Dun Toiseach, Ford, Kilmartin, Argyll

Hillfort:  OS Grid Reference – NM 880 047

Getting Here

Dun Toiseach plan (after RCAHMS 1988)

You can see the rocky hillock ‘pon which this old dun sits from the roadside – and can approach it by either climbing up the slope, or go round t’ back and approach it from t’ track. Either way, it’s easy to get to.

Archaeology & History

The old dun was rather ramshackled when I used to sit here, sometimes on mi way home from working at the Inverliever Nursery, a bit further up the lochside — but it was a good spot to sit and daydream.  Described as a vitrified fort, the structure is oval in shape.  Thought to have been constructed in the Iron Age, Dun Toiseach was originally about 50 feet across and its walls averaged 10 feet thick, with an entrance at its northeastern side.  The Royal Commission lads (1988) described it thus:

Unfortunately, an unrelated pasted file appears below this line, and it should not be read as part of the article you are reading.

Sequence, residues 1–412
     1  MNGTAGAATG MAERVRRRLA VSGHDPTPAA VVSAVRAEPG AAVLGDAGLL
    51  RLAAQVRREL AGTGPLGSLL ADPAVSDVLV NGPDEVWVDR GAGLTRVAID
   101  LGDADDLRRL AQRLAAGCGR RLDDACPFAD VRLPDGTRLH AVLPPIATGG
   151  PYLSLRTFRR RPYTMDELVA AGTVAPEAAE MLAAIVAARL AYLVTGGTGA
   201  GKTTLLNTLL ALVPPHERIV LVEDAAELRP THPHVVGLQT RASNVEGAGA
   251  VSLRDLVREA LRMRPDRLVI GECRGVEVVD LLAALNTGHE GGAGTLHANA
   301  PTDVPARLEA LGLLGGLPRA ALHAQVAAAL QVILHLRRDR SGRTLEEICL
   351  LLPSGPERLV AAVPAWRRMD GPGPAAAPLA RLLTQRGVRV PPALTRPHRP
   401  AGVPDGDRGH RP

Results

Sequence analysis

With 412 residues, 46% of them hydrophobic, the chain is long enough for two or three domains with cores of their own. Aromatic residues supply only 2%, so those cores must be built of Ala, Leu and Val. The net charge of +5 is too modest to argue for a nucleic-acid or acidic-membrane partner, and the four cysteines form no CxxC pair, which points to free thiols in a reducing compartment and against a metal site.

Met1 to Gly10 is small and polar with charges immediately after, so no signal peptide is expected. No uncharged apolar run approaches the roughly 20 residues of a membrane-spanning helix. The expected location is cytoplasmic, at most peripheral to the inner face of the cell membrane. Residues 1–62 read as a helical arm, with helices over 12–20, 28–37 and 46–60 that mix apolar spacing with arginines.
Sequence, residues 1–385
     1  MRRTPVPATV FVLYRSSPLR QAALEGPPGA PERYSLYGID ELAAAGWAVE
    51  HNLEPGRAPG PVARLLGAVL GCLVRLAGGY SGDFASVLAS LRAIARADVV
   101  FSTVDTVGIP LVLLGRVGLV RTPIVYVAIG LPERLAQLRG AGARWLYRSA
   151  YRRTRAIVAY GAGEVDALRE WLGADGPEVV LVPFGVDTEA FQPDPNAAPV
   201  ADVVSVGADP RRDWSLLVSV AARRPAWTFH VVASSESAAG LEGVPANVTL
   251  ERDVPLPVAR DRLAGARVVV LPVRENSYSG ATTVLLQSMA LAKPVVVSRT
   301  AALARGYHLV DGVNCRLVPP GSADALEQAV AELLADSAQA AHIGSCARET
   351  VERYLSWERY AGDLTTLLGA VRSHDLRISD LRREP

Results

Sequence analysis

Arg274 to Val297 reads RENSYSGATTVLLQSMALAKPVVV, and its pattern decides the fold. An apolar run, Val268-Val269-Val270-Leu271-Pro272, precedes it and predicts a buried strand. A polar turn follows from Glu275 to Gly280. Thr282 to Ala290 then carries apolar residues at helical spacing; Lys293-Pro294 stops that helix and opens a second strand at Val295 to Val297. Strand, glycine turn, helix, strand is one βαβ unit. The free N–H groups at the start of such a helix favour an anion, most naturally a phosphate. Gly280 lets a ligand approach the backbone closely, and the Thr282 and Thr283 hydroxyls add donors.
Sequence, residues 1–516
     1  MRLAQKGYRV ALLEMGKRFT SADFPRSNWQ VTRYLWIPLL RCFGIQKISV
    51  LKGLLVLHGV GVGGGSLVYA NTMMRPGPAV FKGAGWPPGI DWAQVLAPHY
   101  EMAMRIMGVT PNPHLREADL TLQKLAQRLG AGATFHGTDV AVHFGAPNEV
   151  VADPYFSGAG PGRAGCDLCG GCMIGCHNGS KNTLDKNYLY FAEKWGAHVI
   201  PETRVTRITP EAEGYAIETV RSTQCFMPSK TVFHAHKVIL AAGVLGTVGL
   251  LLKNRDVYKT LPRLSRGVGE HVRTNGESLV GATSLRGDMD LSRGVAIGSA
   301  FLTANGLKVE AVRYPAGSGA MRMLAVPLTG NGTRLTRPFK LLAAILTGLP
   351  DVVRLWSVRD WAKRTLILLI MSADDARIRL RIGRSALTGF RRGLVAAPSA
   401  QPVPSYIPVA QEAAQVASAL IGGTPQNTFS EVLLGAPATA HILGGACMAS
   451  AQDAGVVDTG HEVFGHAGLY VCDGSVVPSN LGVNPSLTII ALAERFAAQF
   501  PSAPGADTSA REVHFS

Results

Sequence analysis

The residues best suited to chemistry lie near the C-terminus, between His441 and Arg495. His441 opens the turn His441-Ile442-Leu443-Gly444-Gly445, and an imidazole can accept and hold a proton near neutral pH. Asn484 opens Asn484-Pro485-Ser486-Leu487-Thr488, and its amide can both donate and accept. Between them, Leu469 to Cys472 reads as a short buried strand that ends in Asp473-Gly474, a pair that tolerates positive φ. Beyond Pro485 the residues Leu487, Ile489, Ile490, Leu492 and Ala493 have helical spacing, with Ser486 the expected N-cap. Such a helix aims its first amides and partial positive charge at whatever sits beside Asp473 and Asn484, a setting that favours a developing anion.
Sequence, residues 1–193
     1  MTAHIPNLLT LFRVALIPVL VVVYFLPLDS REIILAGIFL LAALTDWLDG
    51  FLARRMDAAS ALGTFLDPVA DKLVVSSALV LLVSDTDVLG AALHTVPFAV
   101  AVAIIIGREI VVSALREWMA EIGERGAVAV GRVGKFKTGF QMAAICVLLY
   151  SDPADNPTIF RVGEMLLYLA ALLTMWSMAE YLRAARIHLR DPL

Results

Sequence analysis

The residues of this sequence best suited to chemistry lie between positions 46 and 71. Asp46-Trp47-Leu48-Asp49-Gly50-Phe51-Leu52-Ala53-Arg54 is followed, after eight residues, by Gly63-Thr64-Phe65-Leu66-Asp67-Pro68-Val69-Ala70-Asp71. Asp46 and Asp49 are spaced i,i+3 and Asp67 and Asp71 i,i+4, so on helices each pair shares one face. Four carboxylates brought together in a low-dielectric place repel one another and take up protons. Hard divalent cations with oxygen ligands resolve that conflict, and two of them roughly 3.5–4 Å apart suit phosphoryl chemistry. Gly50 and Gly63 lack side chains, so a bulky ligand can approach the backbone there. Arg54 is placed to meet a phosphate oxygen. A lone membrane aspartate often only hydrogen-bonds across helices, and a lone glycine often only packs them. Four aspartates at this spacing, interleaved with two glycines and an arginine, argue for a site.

“Situated on a prominent rocky knoll overlooking the S end of Loch Awe 250m ESE of Torran farmsteading, there is a severely ruined dun measuring about 16m by 13m within a wall which has been some 4m thick. Two stretches of outer facing-stones are visible, as well as a few possible stones of the inner face, but, particularly on the NE, the wall has been severely robbed and the core material scattered. The entrance lies on the NE, the innermost portion of the SE passage-wall and what may be a door-jamb on the opposite side still being visible.  The knoll has acted as a focus for recent field-walls, but there is no indication that it was additionally defended by outworks. A small modern cairn…surmounts the dun wall on the SE.”

References:

Royal Commission on the Ancient & Historical Monuments of Scotland, Argyll – Volume 6: Mid-Argyll and Cowal, HMSO: Edinburgh 1988.

© Paul Bennett, The Northern Antiquarian

About megalithix

Occultist, prehistorian and independent archaeological researcher, specializing in prehistoric rock art, Neolithic, Bronze Age & Iron Age sites, and the animistic cosmologies of pre-Christian & traditional cultures.
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